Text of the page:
Monte Carlo TV Fest On Board to Host Second Industry Confab

Monte Carlo TV Fest On Board

Monte Carlo TV Festival, which hosted the inaugural edition of the Content and Multimedia Experience confab in June, is on board to organize a second edition with an expanded scope.

The festival’s CEO Laurent Puons told Variety that his team will likely be introducing workshops to highlight innovation for content creators.

“Next year, we will also be seeing more integration of the series, content, experiences and trends discussed in the CME featured throughout the festival programming, bringing them to reality for the public (screenings, meet and greets, etc.),” said Puons.

While the first edition wasn’t quite packed, the CME program nevertheless drew major players such as Jens Richter, FremantleMedia International CEO, and Christophe Riandee, Gaumont’s vice CEO, as well as wide-ranging media industry execs such as Alison Norrington, CEO of Story Central; Rebecca Denton, digital content exec producer; Jody Smith, commissioning editor of Channel 4’s multiplatform and online video; Jeff Pope, ITV’s producer and screenwriter; and Chris Marques, an independent producer best known as jury member and artistic director of “Dancing With the Stars” on TF1.

During a panel discussing the changing landscape of TV consumption through new platforms, Smith spoke about Channel 4’s digital outreach to source factual content for its VOD platform. The U.K. network group is also increasingly collaborating with writers and producers who have never worked in broadcast and broadcasters, per Smith.

Denton, meanwhile, shared her experience working with YouTubers and noted that there was very little they needed to learn from traditional producers since they were highly responsive to their audiences and swift to adapt. Norrington discussed new platforms for storytellers such as SnapChat and Periscope.

Marques, who has been tapped by TF1 to source and create exclusive content for TF1’s upcoming 4K digital channel, said second screens have now become the primary screen for young audiences under 20.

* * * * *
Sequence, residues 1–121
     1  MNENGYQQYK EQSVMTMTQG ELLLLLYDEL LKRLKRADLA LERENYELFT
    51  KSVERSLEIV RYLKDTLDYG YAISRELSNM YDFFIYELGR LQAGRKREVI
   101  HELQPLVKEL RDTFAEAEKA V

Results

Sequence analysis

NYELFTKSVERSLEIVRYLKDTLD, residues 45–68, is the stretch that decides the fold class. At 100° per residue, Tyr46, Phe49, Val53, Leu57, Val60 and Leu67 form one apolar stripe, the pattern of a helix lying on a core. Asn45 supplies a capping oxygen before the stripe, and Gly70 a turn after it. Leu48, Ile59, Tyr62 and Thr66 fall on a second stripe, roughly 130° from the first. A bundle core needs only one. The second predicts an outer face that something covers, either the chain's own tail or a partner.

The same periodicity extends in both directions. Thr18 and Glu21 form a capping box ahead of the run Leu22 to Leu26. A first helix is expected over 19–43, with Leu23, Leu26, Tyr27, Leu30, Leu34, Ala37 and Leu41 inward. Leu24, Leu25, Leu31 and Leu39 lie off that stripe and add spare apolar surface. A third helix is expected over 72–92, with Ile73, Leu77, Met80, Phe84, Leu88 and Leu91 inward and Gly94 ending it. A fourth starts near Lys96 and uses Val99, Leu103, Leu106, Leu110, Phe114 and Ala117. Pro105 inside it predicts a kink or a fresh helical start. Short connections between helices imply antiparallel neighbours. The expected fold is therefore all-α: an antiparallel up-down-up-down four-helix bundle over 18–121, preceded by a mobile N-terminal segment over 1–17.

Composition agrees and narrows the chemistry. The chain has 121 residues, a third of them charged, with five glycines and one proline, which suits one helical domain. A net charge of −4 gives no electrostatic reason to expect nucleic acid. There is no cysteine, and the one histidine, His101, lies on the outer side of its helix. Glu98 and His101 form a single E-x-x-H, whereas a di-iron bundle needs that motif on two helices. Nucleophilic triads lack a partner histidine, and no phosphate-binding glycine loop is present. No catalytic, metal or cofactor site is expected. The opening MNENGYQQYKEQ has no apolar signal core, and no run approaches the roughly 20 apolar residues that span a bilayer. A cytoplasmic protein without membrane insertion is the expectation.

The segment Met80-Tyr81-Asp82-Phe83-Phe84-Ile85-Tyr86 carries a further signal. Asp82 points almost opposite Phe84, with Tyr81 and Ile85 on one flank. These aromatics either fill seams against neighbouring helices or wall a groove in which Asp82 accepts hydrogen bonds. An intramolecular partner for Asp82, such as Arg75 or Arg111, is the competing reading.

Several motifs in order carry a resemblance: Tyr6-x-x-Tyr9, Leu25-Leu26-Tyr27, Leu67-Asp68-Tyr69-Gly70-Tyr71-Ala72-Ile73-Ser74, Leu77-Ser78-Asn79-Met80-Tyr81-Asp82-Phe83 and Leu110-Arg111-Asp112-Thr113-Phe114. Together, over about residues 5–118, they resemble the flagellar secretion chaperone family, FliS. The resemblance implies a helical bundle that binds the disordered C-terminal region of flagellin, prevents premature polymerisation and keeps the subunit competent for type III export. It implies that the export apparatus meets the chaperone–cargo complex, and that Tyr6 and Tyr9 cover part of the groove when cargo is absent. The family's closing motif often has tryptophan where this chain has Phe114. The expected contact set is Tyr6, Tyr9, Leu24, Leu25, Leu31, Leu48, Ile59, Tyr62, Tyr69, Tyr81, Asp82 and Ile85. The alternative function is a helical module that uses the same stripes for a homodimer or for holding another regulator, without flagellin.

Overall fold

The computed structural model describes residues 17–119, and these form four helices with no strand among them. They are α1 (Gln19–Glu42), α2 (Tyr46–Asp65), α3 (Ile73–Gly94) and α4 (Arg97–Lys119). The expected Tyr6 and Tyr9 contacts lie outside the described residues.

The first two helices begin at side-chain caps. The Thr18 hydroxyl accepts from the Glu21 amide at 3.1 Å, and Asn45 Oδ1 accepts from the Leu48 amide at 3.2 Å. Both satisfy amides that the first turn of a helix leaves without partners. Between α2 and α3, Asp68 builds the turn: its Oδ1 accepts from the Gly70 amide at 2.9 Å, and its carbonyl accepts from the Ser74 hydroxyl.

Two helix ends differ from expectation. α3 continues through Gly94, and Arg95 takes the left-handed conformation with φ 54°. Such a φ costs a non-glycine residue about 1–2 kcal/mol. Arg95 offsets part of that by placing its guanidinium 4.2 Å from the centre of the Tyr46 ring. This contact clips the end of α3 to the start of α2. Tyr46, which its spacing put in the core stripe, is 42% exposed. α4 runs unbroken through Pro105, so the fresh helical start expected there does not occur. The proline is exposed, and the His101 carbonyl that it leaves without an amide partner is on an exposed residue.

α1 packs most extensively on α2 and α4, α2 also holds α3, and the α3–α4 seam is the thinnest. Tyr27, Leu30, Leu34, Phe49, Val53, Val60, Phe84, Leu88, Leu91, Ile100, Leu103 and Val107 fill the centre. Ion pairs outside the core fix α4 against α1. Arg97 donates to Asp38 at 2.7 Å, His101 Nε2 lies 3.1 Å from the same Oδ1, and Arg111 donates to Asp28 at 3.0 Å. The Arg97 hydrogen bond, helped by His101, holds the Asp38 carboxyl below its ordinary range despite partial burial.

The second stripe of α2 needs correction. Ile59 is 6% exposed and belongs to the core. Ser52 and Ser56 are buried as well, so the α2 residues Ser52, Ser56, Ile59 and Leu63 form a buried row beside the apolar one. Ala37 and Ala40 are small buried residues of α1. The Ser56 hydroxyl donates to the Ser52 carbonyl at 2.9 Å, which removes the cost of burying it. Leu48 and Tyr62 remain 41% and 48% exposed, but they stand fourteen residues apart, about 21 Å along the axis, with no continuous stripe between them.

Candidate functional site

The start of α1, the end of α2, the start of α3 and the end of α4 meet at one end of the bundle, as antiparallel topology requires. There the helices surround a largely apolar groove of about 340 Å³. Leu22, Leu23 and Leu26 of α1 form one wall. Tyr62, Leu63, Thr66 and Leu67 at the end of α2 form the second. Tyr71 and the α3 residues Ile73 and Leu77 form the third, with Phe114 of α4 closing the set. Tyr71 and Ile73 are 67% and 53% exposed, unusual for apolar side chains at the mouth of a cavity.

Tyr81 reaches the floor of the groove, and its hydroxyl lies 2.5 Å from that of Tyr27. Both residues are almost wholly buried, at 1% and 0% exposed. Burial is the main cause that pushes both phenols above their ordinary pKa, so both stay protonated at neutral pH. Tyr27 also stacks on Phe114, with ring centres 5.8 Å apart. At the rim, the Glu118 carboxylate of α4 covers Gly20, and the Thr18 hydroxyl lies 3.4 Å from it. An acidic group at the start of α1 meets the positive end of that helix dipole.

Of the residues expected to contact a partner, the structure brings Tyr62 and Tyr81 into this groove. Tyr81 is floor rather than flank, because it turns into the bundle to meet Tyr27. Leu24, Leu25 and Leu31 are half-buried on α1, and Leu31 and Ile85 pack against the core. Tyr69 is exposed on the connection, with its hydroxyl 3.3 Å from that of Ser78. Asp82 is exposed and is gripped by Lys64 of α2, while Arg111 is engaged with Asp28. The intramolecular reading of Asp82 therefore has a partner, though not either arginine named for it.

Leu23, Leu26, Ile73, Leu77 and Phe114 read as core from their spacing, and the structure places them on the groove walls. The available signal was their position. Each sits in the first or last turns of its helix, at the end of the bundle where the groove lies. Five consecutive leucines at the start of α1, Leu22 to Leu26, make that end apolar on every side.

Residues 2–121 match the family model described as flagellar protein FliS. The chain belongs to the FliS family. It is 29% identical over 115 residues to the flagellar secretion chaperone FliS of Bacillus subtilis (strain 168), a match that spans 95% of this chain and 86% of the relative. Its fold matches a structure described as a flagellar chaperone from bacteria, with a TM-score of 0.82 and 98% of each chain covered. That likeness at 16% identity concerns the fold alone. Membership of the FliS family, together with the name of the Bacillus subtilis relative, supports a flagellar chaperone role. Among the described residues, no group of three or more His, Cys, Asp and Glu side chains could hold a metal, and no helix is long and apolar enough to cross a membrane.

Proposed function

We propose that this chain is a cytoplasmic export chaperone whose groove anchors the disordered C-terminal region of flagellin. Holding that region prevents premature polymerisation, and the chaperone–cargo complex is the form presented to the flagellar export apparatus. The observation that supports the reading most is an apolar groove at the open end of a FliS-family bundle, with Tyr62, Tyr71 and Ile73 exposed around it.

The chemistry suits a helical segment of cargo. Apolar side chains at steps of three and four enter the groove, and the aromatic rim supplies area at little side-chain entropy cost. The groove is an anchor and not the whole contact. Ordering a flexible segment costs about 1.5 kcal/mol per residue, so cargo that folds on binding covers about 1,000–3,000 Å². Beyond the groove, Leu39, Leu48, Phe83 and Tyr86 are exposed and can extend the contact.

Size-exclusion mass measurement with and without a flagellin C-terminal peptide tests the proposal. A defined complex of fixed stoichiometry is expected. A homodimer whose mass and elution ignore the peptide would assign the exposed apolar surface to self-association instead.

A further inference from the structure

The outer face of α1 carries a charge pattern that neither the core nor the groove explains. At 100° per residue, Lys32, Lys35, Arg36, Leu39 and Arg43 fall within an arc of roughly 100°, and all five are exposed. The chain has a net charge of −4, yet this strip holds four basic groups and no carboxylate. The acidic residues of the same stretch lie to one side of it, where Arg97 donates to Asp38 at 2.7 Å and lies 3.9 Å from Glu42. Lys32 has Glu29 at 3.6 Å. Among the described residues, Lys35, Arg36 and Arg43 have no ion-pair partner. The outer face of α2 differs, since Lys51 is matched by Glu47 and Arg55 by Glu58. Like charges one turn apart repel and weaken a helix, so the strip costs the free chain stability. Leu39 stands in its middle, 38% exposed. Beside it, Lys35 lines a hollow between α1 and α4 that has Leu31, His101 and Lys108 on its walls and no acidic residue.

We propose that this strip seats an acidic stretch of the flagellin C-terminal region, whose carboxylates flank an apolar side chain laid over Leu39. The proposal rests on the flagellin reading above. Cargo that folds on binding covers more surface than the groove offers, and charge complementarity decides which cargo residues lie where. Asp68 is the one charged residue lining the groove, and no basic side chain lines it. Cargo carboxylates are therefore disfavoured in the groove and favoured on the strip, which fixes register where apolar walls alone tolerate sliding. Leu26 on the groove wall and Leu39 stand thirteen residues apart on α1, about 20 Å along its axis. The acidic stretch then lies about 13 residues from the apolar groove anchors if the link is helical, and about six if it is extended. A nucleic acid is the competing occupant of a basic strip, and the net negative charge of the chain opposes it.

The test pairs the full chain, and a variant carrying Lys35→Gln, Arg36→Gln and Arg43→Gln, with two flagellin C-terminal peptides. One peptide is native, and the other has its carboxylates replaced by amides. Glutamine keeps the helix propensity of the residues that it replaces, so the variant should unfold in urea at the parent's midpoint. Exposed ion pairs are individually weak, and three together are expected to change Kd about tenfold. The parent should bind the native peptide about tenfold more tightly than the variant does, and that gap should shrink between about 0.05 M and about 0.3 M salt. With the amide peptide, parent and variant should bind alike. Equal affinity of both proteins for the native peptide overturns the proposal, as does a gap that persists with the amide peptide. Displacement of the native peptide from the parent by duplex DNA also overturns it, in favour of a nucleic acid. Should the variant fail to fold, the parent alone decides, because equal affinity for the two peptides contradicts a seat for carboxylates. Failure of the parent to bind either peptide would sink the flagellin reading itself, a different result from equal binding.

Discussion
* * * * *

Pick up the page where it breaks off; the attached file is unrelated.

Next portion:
“Millennials consume most TV content on the Web, tablets and mobiles. So we need to adapt, both in terms of editorial content and production models for first and second screens to reach these new demos,” said Marques.

Addressing a question about China, Riandee said the company was developing two “Asia-originated” projects with Justin Lin (“Furious 6,” “Community”). Riandee also announced during his keynote speech that Gaumont Europe Television was developing “Crosshair,” an English-language procedural penned by Ken Sanzel, whose credits include “Numb3rs.”

One of the CME’s recurring topics was the impact of Netflix and other streaming services on viewing habits and TV ratings. “Powerful stakeholders such as Netflix, on the one hand may be seen as a threat to traditional television, but they also offer tremendous new opportunities for content creators, allowing local as well as larger productions to reach a wider global audience,” noted Puons.

Indeed, digital platforms have opened the door for upscale foreign series in the U.S., a market traditionally tough to penetrate for foreign-language drama, and have introduced auds around the world to a wider diversity of shows. Hulu, for instance, picked up the first two seasons of French series “Braquo” while Netflix acquired another Gallic crime skein “Spiral.”

Richter pointed out that global audiences are finally warming up to foreign shows, citing the success of “Deutschland 83” (pictured above), a German spy thriller set in the 1980s that has sold worldwide. Co-produced by Canal Plus, the series just premiered in the U.S. on SundanceTV. “The Sundance Channel had a great experience with ‘The Returned’ (the French supernatural drama) and it encouraged them (to follow their guts) on ‘Deutschland 83,'” said Richter during his keynote about “the rules of a great drama.” Richter also argued remakes of drama formats were commercially viable only for shows that are already ratings hits in their home countries.

The CME confab participants gave an overall upbeat feedback on the program’s content and speakers.

“I gained a lot from the sessions while attracting a new network of contacts to share my business interests and dove-tail into others at the conference, with prospects of bringing about new opportunities and business relationships,” said Larry Keating, topper of New Zealand-based Media Wave.

Kim Bodnia, the star of hit Scandi drama “The Bridge,” said the “CME led us to discover and develop the way of telling/frame our stories to touch (people) all over the world. The panels connected us all (…) so it was like being one big family.”

“Nowadays even established festivals need to propose original content and target the public as well as professionals as we all need to anticipate trends rather than follow them,” said Michel Merkt, the co-producer of Miguel Gomes’ “1001 Nights” and David Cronenberg’s “Maps to the Stars.”

As Emmanuel Cuénod, the topper of Geneva International Film Festival, summed it up, “Smooth organization and great international speakers in the most picturesque Monaco: What more could we ask for?”

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